Walking up Holy Cross aisle to marry – 134 years after her great-grandparents

When Josephine Fangman and Ferdinand Wehberg married at Holy Cross in November 1885, they began a family legacy at the South Baltimore church which includes a fourth generation tying the knot.

World War II was raging when the youngest of their eight children, Joseph Wehberg, married Alice Lee in June 1943, at Holy Cross. Their daughter, Margaret, received the sacrament of matrimony alongside William Storey at the church in October 1967, a union that produced 10 children. Then one of their daughters, Margaret, married Scott Walker at Holy Cross in October 2001.

Extended family may have thought they were seeing double Oct. 12, when the Walkers’ twin siblings, Katherine Wehberg and Kevin Walker, were married, at Holy Cross, of course. (More on that union, in a bit.)

Along the way, plenty of cousins continued the tradition, according to Elizabeth Sharp, a younger sister of Katherine and Margaret, who brought the family tradition to the attention of the Review and pointed out that, along the way, her ancestors did more than receive sacraments at the church that was completed in 1860.

According to Sharp, Ferdinand Wehberg, a carpenter by trade, climbed the steeple to replace the original wooden cross after it had disintegrated. (The replacement has since been restored.)

Sharp said that the Holy Cross rectory helpers included her grandmother, Alice Wehberg (of the 1943 wedding), the housekeeper, and an aunt, Elizabeth Wehberg Linski, the cook. Margaret Storey was a sacristan. Katherine Walker, the newlywed, recalled her mother teaching her how to arrange flowers and iron altar cloths.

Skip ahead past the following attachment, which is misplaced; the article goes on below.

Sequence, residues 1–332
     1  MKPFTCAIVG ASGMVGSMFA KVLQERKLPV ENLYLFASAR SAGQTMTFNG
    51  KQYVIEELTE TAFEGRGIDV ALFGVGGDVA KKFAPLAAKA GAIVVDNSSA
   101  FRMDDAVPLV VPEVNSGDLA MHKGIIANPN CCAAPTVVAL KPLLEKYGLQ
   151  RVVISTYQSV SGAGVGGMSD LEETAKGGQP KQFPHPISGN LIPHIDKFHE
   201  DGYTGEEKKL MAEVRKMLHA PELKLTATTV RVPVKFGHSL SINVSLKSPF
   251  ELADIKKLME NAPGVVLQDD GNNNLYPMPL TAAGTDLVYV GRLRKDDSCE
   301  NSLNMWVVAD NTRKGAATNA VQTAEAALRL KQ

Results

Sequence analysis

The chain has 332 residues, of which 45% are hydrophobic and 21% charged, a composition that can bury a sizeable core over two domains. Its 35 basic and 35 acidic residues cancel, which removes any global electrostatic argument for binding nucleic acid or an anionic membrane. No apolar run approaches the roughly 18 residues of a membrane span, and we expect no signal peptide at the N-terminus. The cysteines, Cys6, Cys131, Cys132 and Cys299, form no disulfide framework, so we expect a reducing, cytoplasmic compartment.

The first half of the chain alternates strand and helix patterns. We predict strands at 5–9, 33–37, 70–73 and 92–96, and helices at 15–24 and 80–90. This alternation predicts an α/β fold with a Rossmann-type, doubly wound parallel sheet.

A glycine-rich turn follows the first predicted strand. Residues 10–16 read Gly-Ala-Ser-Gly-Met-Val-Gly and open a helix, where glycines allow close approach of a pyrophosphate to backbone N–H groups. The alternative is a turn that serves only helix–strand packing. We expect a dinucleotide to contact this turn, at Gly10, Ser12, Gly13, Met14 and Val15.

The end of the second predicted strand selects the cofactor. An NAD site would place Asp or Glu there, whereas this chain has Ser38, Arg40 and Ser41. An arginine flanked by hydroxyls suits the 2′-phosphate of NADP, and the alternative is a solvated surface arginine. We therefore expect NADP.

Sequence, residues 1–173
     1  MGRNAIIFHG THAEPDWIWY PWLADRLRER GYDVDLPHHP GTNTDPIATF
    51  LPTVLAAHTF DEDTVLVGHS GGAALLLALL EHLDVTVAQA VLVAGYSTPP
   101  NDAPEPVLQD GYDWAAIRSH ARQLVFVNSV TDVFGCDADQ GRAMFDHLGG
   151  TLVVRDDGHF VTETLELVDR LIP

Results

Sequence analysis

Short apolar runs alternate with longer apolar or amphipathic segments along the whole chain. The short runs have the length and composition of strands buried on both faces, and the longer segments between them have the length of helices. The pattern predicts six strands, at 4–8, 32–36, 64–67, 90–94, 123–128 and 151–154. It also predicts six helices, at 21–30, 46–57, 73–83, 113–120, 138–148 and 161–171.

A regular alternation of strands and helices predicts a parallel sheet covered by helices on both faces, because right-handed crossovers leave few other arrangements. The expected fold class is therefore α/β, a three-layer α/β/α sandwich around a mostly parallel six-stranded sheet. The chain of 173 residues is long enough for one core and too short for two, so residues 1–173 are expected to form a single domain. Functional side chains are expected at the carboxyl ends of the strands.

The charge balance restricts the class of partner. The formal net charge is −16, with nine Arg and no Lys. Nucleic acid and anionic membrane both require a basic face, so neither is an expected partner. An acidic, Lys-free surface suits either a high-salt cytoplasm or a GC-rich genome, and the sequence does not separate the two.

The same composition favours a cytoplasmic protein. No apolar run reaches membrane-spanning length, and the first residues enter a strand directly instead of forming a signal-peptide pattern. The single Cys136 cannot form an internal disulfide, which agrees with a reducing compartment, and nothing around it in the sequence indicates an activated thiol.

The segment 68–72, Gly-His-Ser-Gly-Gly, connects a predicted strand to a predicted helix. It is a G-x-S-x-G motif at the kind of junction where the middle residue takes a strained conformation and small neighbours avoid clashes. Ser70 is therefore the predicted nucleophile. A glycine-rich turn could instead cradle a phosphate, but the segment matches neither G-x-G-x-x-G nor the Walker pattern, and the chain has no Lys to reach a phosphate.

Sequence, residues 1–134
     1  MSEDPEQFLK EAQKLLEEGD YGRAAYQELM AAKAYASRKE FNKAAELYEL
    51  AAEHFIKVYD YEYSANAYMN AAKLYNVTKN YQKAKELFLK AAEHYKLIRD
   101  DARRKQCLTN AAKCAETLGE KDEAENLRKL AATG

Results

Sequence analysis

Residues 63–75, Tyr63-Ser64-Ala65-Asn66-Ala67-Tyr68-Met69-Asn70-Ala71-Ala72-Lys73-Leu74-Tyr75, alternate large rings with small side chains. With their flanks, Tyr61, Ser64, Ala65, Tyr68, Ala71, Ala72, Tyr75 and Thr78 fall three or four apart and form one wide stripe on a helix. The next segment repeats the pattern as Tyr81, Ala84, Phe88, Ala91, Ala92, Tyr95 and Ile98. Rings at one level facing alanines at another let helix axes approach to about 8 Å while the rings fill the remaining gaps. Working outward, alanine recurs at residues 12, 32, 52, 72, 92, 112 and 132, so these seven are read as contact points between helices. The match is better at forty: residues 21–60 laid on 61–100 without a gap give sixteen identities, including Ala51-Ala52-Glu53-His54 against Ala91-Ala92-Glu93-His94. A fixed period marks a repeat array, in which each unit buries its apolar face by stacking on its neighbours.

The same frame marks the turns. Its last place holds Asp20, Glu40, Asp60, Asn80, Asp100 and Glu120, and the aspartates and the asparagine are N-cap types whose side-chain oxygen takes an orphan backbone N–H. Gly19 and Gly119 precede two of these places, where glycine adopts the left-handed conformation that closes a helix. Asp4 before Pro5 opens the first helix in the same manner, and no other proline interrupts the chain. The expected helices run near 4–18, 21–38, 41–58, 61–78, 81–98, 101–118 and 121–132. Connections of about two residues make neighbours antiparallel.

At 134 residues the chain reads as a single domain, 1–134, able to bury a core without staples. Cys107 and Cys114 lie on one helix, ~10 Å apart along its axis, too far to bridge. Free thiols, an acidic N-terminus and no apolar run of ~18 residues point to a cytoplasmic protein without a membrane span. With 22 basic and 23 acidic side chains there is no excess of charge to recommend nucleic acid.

“As I grew it was instilled in me that I had to be married there,” said Kathe-rine Walker, who refurbished her parents’ cherished wedding album after it was water-damaged. “We girls always wanted to be married at Holy Cross. That’s what I hoped for and that’s what I got.”

It took a while for that hope to be realized.

She met her husband, appropriately enough, at a wedding, in 2000. The 2001 marriage of their twin siblings. Margaret and Scott, put them in the same family circle, even after Kevin married in 2005.

“You know, twins stay with twins,” said Katharine, who house-sitted for her sister’s in-laws when they went on vacation and developed a relationship with their daughter, Cailyn.

Kevin’s wife, Nicole, took ill and died in 2017. Later that year, he asked Katherine out on a date. Last December, while strolling the Inner Harbor, Kevin got down on one knee and asked her to marry him. Of course, their twin siblings were there to witness it, Margaret recording the proposal.

When her father married the woman she used to call “Aunt Kate,” Cailyn, now 11, served as maid of honor. The officiant was Father Thomas Malia, who married their twins back in 2001.

Katherine, 47, is a special education teacher at North County High School in Anne Arundel County and teaches religious education at Christ the King Parish in Glen Burnie. Her husband, a Lutheran, is a tree technician specialist for Scientific Plant Services. They’re making a home in Owings Mills, but there was only one place she would marry.

“It’s like family,” she said of Holy Cross. “It’s home.”

Mary K. Tilghman

Mary K. Tilghman

Mary Tilghman is a freelance contributor to the Catholic Review who previously served as managing editor, news editor and staff writer for the Review.

A parishioner of St. Ignatius in Baltimore, she and her husband have three adult children. Her first novel, “Divided Loyalties” (Black Rose Writing), a historical novel set in the aftermath of the Battle of Antietam, was published in 2017.